Many large consumer products companies are pulling services back in-house because they feel they have to own their related processes more closely, as that's the only way to become more responsive to the changing consumer.
But the challenge isn’t about owning scale, it's about putting the consumer at the center of your strategy and creating an operating model that enables the organization to apply scale dynamically. For example, Airbnb doesn’t own properties; it connects the consumer to an ecosystem of providers.
Across the future consumer scenarios we’ve modeled, it takes a complex ecosystem of organizations working together to win the consumer. These ecosystems are always led by one dominant player – the ecosystem orchestrator. It’s their role to coordinate a fragmented network of partners and suppliers, accessing and deploying scale in a dynamic way, as and when it gives them a competitive advantage. Could you play that role in your categories?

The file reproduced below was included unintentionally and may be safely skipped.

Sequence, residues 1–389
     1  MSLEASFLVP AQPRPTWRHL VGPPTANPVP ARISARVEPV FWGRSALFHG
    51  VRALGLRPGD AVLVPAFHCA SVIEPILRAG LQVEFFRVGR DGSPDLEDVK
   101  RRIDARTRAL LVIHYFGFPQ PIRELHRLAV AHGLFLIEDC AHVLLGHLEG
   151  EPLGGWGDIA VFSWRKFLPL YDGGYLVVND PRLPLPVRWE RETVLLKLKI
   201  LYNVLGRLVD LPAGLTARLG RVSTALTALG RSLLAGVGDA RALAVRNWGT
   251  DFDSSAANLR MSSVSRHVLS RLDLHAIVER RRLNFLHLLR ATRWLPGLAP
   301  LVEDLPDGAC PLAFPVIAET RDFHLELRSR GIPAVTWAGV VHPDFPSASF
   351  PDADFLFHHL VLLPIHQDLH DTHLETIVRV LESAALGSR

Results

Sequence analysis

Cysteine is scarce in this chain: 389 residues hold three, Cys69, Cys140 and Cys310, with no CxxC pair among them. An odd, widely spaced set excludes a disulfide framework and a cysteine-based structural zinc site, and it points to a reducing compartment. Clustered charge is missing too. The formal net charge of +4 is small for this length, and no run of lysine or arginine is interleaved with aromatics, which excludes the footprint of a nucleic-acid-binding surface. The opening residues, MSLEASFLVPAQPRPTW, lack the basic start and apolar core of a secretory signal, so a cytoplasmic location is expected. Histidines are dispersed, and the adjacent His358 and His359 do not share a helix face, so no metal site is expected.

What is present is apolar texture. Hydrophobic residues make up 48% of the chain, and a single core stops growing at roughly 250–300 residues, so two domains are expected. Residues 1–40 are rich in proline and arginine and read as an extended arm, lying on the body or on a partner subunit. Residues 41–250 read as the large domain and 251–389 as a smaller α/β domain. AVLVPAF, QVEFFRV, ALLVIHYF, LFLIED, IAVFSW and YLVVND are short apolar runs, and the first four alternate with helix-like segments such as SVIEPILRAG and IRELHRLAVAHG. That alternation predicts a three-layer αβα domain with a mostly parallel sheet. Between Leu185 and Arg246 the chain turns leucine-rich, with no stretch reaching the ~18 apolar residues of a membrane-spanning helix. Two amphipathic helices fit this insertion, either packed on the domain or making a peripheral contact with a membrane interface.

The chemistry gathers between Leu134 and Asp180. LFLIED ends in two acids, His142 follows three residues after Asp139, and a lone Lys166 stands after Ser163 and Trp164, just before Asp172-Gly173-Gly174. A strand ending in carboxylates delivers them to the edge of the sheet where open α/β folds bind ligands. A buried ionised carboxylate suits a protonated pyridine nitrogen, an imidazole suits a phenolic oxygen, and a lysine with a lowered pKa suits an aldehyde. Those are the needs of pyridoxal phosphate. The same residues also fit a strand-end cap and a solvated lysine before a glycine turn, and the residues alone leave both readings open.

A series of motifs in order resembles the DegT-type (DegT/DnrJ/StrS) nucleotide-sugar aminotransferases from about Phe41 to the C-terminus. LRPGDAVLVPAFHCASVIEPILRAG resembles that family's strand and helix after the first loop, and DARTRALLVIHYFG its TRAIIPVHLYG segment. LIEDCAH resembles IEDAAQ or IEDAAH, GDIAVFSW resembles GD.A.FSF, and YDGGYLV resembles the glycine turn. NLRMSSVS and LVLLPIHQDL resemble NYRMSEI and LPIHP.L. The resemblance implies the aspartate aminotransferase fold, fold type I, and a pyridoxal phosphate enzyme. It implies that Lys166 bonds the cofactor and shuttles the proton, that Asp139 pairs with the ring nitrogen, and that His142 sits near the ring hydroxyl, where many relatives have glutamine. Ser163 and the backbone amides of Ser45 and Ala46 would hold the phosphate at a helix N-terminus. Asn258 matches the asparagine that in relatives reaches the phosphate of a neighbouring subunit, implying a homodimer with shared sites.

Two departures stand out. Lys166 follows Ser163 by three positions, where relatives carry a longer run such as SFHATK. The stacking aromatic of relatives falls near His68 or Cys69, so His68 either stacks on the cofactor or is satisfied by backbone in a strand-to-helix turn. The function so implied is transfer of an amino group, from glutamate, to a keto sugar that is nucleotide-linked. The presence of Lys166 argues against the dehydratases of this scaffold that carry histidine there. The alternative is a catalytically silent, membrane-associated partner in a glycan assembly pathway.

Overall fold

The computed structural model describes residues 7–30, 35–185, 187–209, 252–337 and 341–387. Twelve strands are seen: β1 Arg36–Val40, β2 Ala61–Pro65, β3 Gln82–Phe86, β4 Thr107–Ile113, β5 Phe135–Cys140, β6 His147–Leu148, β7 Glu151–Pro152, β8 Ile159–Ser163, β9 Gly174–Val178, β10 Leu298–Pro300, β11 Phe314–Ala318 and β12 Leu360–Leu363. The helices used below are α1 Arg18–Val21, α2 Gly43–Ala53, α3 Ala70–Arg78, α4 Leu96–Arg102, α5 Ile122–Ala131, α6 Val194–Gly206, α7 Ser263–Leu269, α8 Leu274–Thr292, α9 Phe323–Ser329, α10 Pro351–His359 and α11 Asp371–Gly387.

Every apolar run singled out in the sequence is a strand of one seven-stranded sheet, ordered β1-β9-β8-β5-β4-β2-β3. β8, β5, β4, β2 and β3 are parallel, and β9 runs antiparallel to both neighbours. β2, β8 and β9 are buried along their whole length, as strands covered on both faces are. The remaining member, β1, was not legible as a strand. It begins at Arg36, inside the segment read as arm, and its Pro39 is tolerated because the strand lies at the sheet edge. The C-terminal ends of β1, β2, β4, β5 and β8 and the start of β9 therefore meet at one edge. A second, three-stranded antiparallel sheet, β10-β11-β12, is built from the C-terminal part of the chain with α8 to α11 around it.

Buy, build or partner?
Three key factors can help you decide whether to build, buy or partner to get the scale you need: Does the capability differentiate? How fast do you need to move? Are there existing skills you can build on? Long-term answers must also be informed by your purpose. When purpose is closely aligned, partnership is an option. If not, a transactional relationship is likely to be more effective.
Closer partnership is not always the right option. Even so, you can still make sure that integrated, outsourced or shared services are not standard, generic services. With the right technology, you can build greater flexibility into most processes. Dynamic scale can let you focus on the business outcome you want, without having to control how it is achieved. So, have you got the balance right?